A COUNCIL new homes policy is “flawed”, misuses tenants’ rents on overly expensive build project and fails to provide affordable homes to families in desperate need, it is claimed.

Conservative and Green opposition councillors have heavily criticised rent levels for Brighton and Hove City Council’s latest housing scheme which could mean residents paying almost £1,400 a month for a large family home.

Council officers defended the scheme saying residents themselves had agreed to higher levels of rent for new build homes.

The authority’s housing and new homes committee met last week with the ambition of giving the go ahead for a terrace of six four-bedroom homes and a pair of two-bedroom flats on under-used council land in Lynchet Close, Brighton.

Council officers said the seven-person family houses had been selected as a priority because of a shortage of such homes in the city and Hollingdean area.

They described it as an easy site to develop which would be self-financing in around 40 years and could cross subsidise other schemes

Councillors were told a “cost efficient but robust design” had been selected with timber frames providing a saving but the properties would mean higher accessibility and space standards than volume housebuilders.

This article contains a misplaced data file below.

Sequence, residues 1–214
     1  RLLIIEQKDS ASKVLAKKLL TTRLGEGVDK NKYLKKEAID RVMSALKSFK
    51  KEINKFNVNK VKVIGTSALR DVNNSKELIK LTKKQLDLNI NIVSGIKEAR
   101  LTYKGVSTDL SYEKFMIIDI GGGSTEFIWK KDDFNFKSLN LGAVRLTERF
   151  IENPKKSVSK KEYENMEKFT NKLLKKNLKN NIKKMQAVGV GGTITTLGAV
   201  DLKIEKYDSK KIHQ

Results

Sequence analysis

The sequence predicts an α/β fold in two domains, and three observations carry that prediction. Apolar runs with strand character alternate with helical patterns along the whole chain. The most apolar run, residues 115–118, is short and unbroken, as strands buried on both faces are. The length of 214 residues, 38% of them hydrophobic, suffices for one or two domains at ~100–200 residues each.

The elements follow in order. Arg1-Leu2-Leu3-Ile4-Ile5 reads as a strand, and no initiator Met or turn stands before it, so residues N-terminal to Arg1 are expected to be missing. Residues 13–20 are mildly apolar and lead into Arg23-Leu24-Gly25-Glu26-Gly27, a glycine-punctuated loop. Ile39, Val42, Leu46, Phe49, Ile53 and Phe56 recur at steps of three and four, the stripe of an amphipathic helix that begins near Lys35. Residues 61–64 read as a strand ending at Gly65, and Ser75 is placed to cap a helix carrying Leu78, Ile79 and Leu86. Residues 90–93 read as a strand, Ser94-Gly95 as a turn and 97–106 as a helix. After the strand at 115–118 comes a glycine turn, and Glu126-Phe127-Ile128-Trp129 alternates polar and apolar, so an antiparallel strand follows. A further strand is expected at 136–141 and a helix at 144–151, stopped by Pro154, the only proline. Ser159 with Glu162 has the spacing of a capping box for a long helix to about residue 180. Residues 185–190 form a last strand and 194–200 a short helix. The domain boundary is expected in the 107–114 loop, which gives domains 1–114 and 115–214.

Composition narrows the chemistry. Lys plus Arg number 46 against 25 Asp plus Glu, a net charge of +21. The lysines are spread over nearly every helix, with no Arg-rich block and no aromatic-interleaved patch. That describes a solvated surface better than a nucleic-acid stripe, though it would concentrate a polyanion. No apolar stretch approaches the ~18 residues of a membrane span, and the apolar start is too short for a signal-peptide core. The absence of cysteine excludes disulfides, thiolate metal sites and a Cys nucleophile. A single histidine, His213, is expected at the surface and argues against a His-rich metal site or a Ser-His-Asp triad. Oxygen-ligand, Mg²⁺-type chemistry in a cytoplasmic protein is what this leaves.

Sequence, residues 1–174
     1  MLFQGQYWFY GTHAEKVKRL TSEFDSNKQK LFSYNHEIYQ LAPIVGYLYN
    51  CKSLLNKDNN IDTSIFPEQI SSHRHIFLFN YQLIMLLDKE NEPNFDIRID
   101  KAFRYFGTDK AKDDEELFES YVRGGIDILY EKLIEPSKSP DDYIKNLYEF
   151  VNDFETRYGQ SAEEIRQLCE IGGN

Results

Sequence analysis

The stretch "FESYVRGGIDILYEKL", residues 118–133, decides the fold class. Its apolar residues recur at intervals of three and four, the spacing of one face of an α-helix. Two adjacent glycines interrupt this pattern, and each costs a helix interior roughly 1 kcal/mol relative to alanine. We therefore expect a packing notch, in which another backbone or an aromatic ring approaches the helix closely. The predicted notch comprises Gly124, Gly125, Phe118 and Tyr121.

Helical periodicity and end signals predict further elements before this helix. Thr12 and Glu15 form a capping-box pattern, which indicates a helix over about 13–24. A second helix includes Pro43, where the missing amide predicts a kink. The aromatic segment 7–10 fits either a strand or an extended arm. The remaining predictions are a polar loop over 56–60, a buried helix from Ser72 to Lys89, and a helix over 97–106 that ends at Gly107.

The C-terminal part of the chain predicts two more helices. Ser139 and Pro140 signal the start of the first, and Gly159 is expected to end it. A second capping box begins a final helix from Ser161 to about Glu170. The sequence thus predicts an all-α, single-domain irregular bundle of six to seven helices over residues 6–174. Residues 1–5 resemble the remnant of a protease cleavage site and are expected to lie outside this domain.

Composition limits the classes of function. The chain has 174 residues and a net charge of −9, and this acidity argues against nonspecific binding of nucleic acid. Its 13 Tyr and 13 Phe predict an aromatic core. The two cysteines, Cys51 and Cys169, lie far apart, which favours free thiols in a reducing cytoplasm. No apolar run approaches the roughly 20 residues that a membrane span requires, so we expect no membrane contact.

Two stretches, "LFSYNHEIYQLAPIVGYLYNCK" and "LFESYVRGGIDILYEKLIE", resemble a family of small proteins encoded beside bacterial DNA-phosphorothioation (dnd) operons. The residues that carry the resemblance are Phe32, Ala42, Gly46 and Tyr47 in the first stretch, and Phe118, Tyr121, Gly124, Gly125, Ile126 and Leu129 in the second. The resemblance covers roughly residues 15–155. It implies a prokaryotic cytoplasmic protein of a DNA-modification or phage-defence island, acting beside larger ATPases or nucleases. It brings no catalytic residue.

Conservative Councillor Steve Bell objected to the £2.55 million cost of the project meaning each home would cost £318,000 – a figure he claimed was 2.5 times higher than the private sector.

He added: “I want to see real affordable rent in this city, for us to start getting people off the streets into housing but I’m afraid this is just a joke.”

Green Councillor David Gibson said rents of £17,000 a year would swallow up a massive amount of city workers’ income.

He said: “If we were private landlords seeking to maximise income that is the approach we would take. But we’re not. We’re the council, a social landlord. Our responsibility is to provide housing to people on low incomes, that’s less than average income for people living in Brighton and Hove.”

Labour’s Tracey Hill said the city desperately needed housing like this with reports of six people forced to live in a two-bed flat and five people in a one-bed flat.

Committee members were warned deferring a decision, which had already been deferred once before, could mean added costs and delay work on the site which had been proposed.

An urgent meeting on the project will be held on June 28 to allow a decision before next month’s police, resources and growth committee.

Officers also warned that offering lower rents could mean tenants in new-build four bedroom houses were paying less than residents in two and three-bedroom properties which could open the council to legal challenge.